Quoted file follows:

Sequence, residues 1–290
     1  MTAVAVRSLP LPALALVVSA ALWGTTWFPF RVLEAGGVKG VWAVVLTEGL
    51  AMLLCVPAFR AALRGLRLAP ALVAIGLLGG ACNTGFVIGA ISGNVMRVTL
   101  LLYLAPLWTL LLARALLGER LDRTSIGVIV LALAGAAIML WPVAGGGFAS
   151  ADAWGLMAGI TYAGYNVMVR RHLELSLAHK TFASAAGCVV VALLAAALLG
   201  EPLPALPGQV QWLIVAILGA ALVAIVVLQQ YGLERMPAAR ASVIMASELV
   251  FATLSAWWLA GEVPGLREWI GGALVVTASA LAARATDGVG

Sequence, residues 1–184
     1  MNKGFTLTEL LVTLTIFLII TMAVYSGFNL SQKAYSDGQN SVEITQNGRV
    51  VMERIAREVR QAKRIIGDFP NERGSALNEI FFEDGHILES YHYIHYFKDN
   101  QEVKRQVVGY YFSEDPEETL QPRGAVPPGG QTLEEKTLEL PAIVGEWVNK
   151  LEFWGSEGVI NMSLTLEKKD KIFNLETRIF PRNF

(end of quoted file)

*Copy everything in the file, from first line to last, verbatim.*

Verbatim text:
Sequence, residues 1–290
     1  MTAVAVRSLP LPALALVVSA ALWGTTWFPF RVLEAGGVKG VWAVVLTEGL
    51  AMLLCVPAFR AALRGLRLAP ALVAIGLLGG ACNTGFVIGA ISGNVMRVTL
   101  LLYLAPLWTL LLARALLGER LDRTSIGVIV LALAGAAIML WPVAGGGFAS
   151  ADAWGLMAGI TYAGYNVMVR RHLELSLAHK TFASAAGCVV VALLAAALLG
   201  EPLPALPGQV QWLIVAILGA ALVAIVVLQQ YGLERMPAAR ASVIMASELV
   251  FATLSAWWLA GEVPGLREWI GGALVVTASA LAARATDGVG

Sequence, residues 1–184
     1  MNKGFTLTEL LVTLTIFLII TMAVYSGFNL SQKAYSDGQN SVEITQNGRV
    51  VMERIAREVR QAKRIIGDFP NERGSALNEI FFEDGHILES YHYIHYFKDN
   101  QEVKRQVVGY YFSEDPEETL QPRGAVPPGG QTLEEKTLEL PAIVGEWVNK
   151  LEFWGSEGVI NMSLTLEKKD KIFNLETRIF PRNF